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In preparation for a segment on NBC’s “Today” show this morning, I reached out to the admissions offices at the University of Virginia and Occidental College in California for examples of essays that they considered memorable — for good, or ill.
Before I share some of these samples, a caveat (one familiar to regular readers of this blog): while it can be instructive to read actual college admissions essays, trying to copy a particular approach — or in some cases avoid it — can be perilous. That’s because how one responds to an essay can be an intensely personal experience.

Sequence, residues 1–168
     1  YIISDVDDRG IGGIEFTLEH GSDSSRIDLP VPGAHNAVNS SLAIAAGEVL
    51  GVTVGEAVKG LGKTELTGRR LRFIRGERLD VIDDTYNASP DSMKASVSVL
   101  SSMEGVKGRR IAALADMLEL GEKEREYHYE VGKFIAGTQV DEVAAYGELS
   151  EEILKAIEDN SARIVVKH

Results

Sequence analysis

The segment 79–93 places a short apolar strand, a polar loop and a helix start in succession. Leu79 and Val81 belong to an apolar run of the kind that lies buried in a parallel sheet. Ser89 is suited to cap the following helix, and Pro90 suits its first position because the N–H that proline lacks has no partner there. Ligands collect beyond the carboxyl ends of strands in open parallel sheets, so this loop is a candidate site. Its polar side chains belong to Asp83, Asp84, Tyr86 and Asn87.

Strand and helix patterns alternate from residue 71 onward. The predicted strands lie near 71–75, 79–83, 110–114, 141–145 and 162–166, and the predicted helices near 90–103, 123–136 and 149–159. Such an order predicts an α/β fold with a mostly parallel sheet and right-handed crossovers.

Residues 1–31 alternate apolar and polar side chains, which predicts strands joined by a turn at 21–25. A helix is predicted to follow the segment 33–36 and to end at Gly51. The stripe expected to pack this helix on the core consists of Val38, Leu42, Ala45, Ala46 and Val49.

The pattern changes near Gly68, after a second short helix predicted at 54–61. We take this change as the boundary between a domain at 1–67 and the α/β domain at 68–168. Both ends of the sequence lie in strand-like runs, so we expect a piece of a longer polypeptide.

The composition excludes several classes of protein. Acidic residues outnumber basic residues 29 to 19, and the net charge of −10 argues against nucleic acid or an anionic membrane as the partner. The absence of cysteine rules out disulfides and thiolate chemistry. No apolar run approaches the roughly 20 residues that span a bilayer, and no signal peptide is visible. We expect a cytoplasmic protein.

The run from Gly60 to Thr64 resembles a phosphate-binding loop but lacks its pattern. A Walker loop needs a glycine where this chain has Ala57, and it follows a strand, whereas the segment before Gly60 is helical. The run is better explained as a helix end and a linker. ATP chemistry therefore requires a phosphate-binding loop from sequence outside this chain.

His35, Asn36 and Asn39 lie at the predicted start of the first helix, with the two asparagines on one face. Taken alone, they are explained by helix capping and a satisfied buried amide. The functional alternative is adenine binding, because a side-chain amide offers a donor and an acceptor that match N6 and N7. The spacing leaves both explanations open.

That said, I would argue that there are some basic lessons to be gleaned from the following examples. Here, for instance, is an excerpt from an essay that was not especially well received at the University of Virginia, in part because the writer misjudged the age and sensibility of his or her audience:
John Lennon’s song ‘Imagine’ was sung by Fox’s new show, ‘Glee.’ In one particular episode, a deaf glee club performed this song. I heard it before when John Lennon sang it: unfortunately I did not care much for it. When I watched this episode while the deaf adolescents were singing it, and soon joined by another glee club, it surprisingly affected me…
John Lennon sang it like a professional, but what he did not have was the emotion behind the words. He sang it more staccato than legato. He sang it like it was his job, and nothing more. These singers from Glee sang with powerful emotions. …